It means doubt.
Robert Lippok. Chief architect of To Rococo Rot, Berlin resident and Sonar protester. He's also my mate. He dresses the way an artist should and is involved in so many projects that Berlin's output (music or otherwise) would halve if he stopped.
Loaded with clever melodies that mesh and weave / Stamped with rhythms that refuse to be second-guessed. Despite the plethora of real instruments throughout the twelve tracks, there's always an underlying, lurking motif that reminds you of the presence of the machines.
If we assume that there are no missteps during the entire forty minutes, then I can get on with telling you about my favourite bits. The counter-play between the DX7 and guitar picks on 'Please wake me for meals'. Gameboy / Nanoloop punctuated percussion cutting deep into Meiko Shimizo's vocals on 'Kaitusburi'.
Morgernstern's soulful turn on the aptly named 'Sommer'. Damon Aaron's heartfelt plea amidst an electro-cacophony on 'If the day remains unspoken for'. I could go on....But simply put, this is exemplary, accessible, electronic music for people with music amplification systems.
I don't know Barbara, but on the strength of this record, I'd like to.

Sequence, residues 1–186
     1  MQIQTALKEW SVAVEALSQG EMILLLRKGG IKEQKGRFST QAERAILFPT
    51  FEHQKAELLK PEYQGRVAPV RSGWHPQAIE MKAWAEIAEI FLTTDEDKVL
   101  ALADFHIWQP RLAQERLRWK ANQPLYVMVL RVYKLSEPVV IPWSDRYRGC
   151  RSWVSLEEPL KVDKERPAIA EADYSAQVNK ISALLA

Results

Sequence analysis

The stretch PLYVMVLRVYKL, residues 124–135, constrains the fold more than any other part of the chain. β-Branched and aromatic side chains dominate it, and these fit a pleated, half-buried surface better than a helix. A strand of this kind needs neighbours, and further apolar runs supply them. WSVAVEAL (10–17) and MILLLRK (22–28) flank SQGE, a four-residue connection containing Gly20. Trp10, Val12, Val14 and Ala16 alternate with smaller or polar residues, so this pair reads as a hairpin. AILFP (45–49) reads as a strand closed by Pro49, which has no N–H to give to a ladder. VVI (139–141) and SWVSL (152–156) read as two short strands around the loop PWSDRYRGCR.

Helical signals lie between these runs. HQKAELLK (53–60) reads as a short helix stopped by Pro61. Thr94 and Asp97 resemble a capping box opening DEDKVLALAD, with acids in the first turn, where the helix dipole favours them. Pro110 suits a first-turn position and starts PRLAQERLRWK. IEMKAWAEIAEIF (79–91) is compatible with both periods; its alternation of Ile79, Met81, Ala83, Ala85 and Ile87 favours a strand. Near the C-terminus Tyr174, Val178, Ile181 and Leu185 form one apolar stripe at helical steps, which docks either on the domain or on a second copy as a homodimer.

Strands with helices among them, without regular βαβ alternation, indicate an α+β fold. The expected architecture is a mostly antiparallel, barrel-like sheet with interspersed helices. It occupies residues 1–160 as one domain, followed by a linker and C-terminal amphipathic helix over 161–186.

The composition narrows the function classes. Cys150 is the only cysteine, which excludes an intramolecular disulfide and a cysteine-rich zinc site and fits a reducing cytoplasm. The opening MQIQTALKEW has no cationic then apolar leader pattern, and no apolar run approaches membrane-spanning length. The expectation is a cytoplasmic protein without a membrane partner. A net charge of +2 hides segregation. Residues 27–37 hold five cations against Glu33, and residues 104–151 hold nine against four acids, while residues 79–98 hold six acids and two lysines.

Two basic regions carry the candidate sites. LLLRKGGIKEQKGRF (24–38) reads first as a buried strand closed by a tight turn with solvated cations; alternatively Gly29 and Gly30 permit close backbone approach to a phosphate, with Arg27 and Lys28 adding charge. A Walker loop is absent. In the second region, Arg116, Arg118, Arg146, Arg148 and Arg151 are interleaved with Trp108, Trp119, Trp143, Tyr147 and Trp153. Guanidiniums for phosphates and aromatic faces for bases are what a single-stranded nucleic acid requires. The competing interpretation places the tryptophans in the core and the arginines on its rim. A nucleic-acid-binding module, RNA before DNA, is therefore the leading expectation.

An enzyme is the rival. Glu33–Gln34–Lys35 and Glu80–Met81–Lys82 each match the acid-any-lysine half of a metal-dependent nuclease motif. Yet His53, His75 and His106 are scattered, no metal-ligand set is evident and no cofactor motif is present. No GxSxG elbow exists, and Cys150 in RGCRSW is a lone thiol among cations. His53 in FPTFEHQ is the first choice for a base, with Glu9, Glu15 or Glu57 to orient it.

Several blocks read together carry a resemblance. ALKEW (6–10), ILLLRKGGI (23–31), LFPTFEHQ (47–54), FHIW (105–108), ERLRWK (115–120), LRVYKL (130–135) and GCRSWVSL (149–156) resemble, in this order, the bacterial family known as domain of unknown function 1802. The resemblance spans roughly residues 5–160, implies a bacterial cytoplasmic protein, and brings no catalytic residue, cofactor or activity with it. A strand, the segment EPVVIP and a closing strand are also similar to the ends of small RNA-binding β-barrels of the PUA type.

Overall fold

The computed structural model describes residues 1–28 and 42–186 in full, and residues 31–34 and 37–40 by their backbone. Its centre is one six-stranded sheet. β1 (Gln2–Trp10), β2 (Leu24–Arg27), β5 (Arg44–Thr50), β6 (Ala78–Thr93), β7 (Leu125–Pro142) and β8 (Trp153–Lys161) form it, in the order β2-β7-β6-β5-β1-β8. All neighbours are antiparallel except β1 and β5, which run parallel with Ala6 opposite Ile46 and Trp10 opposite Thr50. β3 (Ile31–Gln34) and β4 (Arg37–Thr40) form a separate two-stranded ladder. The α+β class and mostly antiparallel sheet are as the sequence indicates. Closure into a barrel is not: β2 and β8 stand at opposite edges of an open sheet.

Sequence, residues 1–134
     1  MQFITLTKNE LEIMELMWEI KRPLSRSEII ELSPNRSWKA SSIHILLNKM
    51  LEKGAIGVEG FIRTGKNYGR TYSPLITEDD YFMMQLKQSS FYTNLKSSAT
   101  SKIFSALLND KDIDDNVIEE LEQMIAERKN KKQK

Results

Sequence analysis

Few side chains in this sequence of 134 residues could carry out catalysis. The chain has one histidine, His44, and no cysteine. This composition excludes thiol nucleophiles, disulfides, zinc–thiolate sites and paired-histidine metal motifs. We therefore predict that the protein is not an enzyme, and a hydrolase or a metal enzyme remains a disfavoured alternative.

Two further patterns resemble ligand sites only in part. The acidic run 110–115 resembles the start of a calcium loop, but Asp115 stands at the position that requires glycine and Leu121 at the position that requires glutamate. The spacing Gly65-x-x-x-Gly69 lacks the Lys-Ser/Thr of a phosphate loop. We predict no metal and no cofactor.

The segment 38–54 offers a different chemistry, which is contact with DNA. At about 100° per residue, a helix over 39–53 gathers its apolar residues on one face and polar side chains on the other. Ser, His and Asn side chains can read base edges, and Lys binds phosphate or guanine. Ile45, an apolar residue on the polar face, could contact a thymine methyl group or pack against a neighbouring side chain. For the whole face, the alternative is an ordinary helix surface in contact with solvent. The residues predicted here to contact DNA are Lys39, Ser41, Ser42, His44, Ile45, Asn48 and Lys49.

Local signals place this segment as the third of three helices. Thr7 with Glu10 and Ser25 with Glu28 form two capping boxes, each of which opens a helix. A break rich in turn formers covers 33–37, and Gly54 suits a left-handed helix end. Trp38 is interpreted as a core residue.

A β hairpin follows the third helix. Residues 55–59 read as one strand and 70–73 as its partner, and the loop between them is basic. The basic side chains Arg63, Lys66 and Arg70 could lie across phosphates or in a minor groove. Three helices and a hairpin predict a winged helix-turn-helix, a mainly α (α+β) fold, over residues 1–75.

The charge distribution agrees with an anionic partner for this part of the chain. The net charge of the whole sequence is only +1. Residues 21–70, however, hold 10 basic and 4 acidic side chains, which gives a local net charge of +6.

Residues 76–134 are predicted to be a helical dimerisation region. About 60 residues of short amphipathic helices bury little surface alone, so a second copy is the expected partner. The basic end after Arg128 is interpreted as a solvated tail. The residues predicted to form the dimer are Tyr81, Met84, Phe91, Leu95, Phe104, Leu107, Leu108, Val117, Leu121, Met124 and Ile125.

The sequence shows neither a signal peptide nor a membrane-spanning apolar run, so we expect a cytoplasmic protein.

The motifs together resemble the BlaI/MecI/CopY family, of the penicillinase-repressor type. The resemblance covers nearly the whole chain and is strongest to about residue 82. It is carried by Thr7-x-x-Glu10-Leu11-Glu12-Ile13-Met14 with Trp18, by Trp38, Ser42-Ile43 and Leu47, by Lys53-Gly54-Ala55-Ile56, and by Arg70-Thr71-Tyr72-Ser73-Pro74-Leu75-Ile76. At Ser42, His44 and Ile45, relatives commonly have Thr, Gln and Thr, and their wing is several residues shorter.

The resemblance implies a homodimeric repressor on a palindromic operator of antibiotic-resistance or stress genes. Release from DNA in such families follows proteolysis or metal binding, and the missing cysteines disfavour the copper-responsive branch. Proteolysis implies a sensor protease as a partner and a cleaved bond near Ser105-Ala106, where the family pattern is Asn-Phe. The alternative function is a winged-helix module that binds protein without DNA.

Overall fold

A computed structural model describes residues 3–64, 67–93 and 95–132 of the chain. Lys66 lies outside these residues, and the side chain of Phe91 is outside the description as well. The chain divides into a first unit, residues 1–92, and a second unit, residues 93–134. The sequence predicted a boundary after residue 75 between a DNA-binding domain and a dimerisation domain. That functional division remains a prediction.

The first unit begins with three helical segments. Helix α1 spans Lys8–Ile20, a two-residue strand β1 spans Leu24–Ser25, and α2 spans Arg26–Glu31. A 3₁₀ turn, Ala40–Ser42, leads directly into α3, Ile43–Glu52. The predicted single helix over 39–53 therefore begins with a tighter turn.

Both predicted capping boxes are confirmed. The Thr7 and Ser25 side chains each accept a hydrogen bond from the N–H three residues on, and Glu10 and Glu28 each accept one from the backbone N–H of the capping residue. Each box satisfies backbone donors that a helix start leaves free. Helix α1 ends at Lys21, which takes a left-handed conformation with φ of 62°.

AGF's percussive poetry constantly baffles, delights and surprises with each session. Her meccano approach to beats and slight-of-hand chord-play that characterised previous works are reshaped by her partner Vladislav Delay.
His influence is evident on the work as a whole. On moments like 'Causing a Taifun' and 'Restrict' where the ghosts of 'Vocalcity' can be heard in the distance. Night-time basslines, dub clatter and slowed drum marches provide a cushion for Antye's intimate observations whilst Detroit Jazz hovers in the foreground.
Lyrically, her delivery is broken and fractured, much like the music. Helped by the fact that English isn't her native language. Narrative, commentary, critique. On 'Restrict' she makes pithy asides about immigration and borders ("it's fucking politics, again."). On 'Recorded' she even turns on the music itself, rightly claiming that "Everything's been recorded already."
Needless to say, 'Explode' is a beautifully presented, engaging piece of media.